This is a feature wedding / venue gallery. If you are planning a wedding in the Oxfordshire area do take a look at the Prices, the Photo Galleries, the Videos, and the Albums. This gallery illustrates just one of many for you to browse e.g. try The Manor Weston on the Green Bicester, The Oxford Oratory
Lots of couples choose this lovely Thames riverside location for their wedding ceremony and reception - the Oxford Thames Hotel, which is in Sandford-on-Thames a short distance to the south of the city of Oxford. It should not be confused with the Oxford Spires Hotel, which is nearer the city centre.
The Oxford Thames Hotel is a big hotel with extensive varied buildings and large landscaped gardens which stretch down to the riverbank. There is plenty of free onsite car parking.
This is a busy venue, often with more than one wedding or event taking place on the same day, but the buildings and grounds are large and can accommodate a lot of action!
The registrars who conduct ceremonies at the Hotel are an easy-going bunch and are always a pleasure to work with for professional photographers and videographers.
Marriage ceremonies can take place in the Oxford Thames' newly available pavilion just beside the riverbank. Or the gazebo if you prefer that name, or the pergola if you prefer that! Anyway, it enables couples to enjoy what is essentially an outdoor wedding ceremony whilst complying with the English law requirement that ceremonies can only take place with the bride and groom beneath a permanent structure.
There are lots of good backdrops for the essential wedding photos, anything from the informal riverbank and old Oxford barge, to the semi-formal italianate gardens near the main buildings.
Lets start by having a little wander around the grounds at the Oxford Thames Hotel. The first photo below shows the main entrance at the front, with its warm sandstone and roses which always seem to be in bloom:
The semi-formal gardens to the rear are protected by stone walls and the mature trees provide some welcome shade in which to shoot wedding portraits:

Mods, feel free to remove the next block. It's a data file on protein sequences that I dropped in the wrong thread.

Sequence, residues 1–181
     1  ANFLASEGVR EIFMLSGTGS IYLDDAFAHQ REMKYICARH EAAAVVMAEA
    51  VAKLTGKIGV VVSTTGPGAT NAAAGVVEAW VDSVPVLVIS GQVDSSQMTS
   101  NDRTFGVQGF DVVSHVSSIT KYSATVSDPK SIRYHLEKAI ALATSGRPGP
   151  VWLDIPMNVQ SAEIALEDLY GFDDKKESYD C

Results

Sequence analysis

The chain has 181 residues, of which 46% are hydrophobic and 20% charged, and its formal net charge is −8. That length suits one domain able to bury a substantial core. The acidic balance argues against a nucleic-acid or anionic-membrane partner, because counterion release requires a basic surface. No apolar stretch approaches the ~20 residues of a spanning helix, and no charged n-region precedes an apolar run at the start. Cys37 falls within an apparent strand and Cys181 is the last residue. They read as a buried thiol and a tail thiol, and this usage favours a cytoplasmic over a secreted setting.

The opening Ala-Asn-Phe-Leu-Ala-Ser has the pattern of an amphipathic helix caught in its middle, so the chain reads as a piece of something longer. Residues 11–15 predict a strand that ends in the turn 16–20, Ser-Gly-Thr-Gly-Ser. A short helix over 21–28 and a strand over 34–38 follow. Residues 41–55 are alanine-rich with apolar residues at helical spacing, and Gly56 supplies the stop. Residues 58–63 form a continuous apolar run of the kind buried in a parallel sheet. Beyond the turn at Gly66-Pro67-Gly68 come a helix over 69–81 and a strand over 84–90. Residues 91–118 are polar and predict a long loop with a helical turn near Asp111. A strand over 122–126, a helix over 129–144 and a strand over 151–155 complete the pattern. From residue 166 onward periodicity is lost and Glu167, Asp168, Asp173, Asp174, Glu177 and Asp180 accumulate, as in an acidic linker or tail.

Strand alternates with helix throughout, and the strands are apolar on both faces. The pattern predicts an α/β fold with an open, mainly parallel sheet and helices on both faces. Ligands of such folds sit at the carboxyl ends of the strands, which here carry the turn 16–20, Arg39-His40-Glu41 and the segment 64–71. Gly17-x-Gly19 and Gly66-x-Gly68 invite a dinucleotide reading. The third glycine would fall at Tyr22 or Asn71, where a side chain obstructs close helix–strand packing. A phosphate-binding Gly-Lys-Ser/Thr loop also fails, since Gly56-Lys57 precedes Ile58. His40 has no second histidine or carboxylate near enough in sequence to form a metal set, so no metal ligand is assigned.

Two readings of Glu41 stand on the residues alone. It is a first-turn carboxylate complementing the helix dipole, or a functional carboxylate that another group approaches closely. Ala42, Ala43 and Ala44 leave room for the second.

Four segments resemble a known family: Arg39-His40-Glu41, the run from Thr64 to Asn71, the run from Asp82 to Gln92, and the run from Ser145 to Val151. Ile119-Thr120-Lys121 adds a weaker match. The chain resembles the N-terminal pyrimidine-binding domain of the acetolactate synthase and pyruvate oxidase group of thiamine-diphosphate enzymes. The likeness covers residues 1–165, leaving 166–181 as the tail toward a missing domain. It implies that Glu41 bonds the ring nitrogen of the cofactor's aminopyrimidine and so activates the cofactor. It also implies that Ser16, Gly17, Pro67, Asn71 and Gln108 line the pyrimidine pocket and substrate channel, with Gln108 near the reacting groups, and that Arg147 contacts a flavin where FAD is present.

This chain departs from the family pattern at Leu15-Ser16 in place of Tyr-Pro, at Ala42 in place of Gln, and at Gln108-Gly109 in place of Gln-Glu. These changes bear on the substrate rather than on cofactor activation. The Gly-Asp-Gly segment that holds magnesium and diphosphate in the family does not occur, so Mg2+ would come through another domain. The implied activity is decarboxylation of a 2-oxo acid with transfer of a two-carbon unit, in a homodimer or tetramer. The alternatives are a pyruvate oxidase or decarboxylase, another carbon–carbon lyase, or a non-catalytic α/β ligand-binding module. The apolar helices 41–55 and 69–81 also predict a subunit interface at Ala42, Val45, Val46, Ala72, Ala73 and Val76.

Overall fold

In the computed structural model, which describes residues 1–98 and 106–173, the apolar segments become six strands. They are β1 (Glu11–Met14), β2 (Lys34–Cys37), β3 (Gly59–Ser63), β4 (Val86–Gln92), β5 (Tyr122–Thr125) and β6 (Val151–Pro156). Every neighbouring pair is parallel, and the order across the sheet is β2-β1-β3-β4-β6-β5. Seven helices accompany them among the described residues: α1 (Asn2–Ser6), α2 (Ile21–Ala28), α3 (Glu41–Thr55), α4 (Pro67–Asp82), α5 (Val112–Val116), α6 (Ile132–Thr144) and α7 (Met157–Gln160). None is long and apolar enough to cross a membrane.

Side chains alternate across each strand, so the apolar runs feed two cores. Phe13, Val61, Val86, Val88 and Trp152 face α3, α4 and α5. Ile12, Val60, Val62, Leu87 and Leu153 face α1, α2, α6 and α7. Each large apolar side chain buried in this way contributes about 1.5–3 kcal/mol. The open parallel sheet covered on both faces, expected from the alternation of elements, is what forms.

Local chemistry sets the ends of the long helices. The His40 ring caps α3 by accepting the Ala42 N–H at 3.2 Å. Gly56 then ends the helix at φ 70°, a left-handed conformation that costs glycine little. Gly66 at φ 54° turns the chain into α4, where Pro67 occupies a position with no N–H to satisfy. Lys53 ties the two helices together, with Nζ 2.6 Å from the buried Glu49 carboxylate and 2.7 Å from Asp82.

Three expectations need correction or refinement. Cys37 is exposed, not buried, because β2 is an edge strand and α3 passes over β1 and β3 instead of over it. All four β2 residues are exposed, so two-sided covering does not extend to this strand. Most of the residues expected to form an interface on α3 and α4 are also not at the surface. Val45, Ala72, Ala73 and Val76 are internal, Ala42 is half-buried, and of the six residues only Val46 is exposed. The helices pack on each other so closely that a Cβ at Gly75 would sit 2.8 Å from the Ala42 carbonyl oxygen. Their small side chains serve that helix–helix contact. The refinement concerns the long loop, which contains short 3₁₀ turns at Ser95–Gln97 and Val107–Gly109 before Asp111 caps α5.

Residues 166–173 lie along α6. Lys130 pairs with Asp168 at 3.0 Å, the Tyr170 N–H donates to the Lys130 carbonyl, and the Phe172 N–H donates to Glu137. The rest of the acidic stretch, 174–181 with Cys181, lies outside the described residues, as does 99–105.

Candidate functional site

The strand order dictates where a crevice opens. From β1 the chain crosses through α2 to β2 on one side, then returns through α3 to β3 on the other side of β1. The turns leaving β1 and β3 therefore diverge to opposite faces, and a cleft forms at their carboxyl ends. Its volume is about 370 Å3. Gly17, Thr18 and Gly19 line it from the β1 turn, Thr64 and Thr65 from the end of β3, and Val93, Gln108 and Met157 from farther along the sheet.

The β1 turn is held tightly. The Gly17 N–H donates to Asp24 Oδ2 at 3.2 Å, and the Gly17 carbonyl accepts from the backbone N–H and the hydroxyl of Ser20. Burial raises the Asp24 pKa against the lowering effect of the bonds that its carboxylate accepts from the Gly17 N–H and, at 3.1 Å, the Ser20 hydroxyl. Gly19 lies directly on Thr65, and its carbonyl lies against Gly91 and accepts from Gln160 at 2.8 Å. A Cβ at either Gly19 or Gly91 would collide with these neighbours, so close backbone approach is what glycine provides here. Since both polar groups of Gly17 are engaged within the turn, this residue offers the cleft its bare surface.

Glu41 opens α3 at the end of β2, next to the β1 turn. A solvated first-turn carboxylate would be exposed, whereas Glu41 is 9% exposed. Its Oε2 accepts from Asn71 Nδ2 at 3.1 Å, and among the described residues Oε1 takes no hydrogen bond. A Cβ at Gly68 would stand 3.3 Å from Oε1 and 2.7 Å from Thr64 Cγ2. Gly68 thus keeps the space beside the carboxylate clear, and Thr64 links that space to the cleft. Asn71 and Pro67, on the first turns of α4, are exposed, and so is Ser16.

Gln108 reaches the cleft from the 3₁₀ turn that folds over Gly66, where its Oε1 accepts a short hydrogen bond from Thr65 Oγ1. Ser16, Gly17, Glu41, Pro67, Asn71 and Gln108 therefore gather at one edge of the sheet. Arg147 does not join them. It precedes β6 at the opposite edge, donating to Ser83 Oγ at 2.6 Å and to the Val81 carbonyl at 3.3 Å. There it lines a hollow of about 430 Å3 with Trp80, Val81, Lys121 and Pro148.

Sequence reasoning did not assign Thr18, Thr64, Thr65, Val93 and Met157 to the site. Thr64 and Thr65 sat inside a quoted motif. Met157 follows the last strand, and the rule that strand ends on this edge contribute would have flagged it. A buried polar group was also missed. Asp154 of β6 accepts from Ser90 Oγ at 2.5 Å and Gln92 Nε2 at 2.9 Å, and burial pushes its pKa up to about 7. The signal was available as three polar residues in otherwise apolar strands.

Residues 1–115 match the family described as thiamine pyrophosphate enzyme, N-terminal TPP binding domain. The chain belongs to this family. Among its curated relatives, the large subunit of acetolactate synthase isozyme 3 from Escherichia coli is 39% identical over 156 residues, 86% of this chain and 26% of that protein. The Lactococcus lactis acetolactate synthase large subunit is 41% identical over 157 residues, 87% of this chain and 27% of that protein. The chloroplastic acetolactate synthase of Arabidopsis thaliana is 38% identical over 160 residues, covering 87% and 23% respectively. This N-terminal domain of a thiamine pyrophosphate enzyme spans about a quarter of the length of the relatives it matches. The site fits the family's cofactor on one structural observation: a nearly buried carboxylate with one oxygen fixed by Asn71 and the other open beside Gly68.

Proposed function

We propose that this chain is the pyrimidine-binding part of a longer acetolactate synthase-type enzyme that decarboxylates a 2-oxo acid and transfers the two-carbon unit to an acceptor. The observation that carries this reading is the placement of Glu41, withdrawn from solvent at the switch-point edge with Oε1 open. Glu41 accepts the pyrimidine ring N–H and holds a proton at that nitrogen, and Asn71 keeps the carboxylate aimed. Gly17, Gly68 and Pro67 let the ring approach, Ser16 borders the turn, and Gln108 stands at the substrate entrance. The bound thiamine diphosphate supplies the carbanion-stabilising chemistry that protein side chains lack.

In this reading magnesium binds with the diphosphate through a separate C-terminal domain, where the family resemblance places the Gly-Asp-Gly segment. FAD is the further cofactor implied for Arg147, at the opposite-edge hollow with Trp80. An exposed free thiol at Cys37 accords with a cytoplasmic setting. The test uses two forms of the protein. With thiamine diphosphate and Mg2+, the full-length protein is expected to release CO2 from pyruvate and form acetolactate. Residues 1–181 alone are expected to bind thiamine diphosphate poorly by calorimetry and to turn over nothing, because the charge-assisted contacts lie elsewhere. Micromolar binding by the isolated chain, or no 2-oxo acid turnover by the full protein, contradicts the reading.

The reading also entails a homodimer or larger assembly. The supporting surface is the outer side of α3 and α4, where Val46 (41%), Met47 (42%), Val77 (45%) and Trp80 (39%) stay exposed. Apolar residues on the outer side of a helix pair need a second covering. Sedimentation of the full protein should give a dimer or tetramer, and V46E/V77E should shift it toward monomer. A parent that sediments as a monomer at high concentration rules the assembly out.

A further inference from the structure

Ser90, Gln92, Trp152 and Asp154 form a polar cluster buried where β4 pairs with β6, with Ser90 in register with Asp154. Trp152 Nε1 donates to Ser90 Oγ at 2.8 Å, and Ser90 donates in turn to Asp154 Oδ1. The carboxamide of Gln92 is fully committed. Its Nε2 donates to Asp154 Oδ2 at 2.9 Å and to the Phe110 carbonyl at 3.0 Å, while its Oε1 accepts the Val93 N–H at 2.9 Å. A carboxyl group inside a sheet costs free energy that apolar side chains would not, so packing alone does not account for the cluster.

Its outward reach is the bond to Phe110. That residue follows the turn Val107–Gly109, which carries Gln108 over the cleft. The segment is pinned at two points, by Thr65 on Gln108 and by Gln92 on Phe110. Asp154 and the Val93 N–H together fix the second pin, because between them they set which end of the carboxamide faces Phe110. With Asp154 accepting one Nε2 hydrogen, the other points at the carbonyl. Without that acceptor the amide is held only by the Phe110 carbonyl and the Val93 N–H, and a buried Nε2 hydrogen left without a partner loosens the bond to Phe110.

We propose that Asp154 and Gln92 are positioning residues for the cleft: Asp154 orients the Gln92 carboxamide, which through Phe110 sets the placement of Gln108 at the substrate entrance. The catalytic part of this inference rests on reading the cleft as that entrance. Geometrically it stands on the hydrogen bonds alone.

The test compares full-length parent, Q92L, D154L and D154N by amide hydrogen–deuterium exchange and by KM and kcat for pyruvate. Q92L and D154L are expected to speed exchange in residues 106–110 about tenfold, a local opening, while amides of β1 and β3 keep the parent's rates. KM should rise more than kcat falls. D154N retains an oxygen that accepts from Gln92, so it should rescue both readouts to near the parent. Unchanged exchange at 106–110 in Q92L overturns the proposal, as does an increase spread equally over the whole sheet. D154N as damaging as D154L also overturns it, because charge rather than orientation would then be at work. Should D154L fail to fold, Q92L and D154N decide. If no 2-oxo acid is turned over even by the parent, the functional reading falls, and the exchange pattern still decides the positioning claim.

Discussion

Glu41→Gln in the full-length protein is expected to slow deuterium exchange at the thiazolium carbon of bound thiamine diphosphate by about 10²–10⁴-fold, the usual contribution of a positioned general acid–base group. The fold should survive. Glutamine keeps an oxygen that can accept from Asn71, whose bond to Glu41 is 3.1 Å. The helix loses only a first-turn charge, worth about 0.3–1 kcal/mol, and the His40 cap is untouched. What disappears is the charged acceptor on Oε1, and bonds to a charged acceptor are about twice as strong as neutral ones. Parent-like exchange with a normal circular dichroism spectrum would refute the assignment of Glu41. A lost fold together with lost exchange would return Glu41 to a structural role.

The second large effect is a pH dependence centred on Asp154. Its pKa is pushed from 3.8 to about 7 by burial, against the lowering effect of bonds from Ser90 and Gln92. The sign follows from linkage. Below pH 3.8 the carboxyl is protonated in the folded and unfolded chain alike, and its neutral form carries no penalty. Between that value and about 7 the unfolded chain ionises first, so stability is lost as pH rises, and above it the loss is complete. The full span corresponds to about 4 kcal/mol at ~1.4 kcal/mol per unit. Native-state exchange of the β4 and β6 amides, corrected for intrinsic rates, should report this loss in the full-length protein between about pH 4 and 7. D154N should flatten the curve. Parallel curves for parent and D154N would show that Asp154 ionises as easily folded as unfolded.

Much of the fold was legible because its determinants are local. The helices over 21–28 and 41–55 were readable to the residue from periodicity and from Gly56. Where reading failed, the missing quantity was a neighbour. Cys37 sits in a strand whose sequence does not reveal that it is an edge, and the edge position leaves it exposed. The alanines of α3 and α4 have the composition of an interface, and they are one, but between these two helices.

Then on to the lawns sweeping down to the riverbank:
The pavilion / gazebo / pergola earlier in the day before the wedding ceremony:
Some couples choose to have a church marriage ceremony rather than a ceremony at the hotel. This couple were married at The Oxford Oratory, otherwise known as St Aloysius Church:
There are of course numerous quaint Oxfordshire churches around and about the Oxford Thames Hotel. This couple were married at the Holy Trinity Church Headington Quarry Oxford:
The next groom made it straight to the hotel for his wedding ceremony and reception. The groom and all the groomsmen are living history enthusiasts and play the part of World War Two United States soldiers. They arrived in their 1940's US Jeep!
Some lovely suites are available for the girls to get ready in. The olde worlde feel is maintained outside and inside the hotel as in the next photo showing our bride's shoes in front of a very period looking windows frame:
This bride gave the traditional bouquets a miss and instead chose some colourful and elaborate feather creations which worked great. Our bridesmaids were kitted out with these:
The ring attached to the garter was of special significance for Jo and so it just had to be photographed!